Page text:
Up to 20 dead after triple suicide bomb attack at funeral in Kabul (GRAPHIC PHOTOS, VIDEO)
Abdullah Abdullah, the Chief Executive of the Islamic Republic of Afghanistan, and Acting foreign affairs minister Salahuddin Rabbani were both in attendance along with other government officials at the funeral at the time of the explosions. All were unharmed.
Speaking at a press conference Saturday evening, Abdullah condemned the bombings and called for calm while an investigation into the attack is carried out.
"Three suicide attackers with explosives detonated during funeral prayer as the Imam was leading the prayers and as a result a number of our people have been martyred," Abdullah said.
"Considering the current situation in Afghanistan, my request is that people should express their demands and other issues regarding their rights in a way that will not allow the enemies of Afghanistan to take advantage of," he added.
The Taliban denied responsibility for both Saturday's attack and previous attacks this week according to local media. No group has yet claimed responsibility for the attacks.
The funeral was reportedly for Salim Izadyar, a protester and son of an Afghan senator, who was shot dead in violent anti-government protests which took place in Kabul Friday.
His father Alam Ezadyar is the deputy speaker for the upper house of the Afghanistan Parliament.
Up to five people were killed during the protests according to Afghanistan’s deputy interior minister, as cited by Reuters. Protesters planned a second day of demonstration on Saturday to call for increased security in the capital which has been wracked by violence.
According to Muslim Shirzad, a political presenter at the Afghan channel Tolo TV, the attack has left many Afghan people questioning the government’s competence in providing security, and even if they may be secretly supporting some terrorist groups.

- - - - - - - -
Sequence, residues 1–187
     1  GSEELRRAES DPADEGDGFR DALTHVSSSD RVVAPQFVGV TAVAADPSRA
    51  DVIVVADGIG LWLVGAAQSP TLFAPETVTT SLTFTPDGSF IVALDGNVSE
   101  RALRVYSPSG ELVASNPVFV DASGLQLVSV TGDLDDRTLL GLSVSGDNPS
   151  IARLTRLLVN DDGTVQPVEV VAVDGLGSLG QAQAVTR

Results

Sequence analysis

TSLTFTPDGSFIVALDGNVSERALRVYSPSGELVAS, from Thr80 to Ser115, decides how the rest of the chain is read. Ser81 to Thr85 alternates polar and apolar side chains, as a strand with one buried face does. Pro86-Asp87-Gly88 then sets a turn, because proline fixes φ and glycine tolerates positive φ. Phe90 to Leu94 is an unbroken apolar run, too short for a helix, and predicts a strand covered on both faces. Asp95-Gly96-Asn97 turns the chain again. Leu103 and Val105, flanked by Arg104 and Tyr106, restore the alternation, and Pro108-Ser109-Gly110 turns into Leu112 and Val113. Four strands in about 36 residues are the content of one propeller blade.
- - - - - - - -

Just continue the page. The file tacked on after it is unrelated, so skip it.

“When you see the comments which come from political leaders, especially from the Jamiat party, they are questioning if this was an inside job by the Afghan government, that they are hiding the terrorists,” Shirzad told RT.
“So, firstly the Afghan people are critically questioning the security situation in the capital, and on the other side is political parties, where there is a kind of doubt about the terrorists which are supported inside the Afghan government, which means there are divides within the Afghan government about counterterrorism.”
Kabul has suffered a number of deadly attacks in recent weeks and the city was still reeling from a bomb blast earlier this week which killed more than 80 people and injured 460 in one of the deadliest attacks in the country in recent history.
Kabul’s Garrison Commander, Lt. Gen. Gul Nabi Ahmadzai warned the public to avoid large gatherings and demonstrations at a press conference Friday night, warning of an imminent terrorist threat, citing the ongoing and highly “sensitive security situation.”
Afghan Foreign Minister Rabbani warned of “terrorists in the establishment” on Twitter having survived the attack.
Afghan President Ashraf Ghani chaired a meeting of high-ranking security officials earlier on Saturday to discuss the deteriorating security situation in the country.
He later condemned the attack via the official Afghan government Twitter account.